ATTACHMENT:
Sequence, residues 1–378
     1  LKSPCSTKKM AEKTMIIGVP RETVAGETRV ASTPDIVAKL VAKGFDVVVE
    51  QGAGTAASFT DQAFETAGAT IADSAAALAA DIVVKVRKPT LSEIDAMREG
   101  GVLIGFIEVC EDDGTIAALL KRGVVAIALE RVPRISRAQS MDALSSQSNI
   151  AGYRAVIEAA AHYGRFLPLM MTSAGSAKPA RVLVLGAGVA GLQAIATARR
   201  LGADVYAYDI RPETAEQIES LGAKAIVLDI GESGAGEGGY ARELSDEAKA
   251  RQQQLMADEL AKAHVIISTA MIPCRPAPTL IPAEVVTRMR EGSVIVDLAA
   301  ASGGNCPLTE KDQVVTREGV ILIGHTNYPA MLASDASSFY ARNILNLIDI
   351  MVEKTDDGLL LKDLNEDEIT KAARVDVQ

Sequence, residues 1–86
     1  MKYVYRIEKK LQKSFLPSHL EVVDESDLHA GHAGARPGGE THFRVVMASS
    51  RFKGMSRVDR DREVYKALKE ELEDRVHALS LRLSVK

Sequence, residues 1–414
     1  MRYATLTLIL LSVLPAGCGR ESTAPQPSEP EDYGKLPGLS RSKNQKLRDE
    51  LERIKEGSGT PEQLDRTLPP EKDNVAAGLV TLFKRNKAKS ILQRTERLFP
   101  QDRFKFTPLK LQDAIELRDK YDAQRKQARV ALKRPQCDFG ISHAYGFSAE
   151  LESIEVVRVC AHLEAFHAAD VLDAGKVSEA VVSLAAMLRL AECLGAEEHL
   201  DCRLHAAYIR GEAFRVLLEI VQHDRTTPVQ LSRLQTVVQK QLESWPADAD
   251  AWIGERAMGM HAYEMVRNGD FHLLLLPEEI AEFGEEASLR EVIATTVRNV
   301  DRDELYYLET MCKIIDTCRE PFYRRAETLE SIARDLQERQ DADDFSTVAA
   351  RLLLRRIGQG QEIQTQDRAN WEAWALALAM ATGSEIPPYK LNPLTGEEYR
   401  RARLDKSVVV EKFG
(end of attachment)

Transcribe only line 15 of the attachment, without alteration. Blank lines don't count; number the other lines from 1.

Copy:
    51  LERIKEGSGT PEQLDRTLPP EKDNVAAGLV TLFKRNKAKS ILQRTERLFP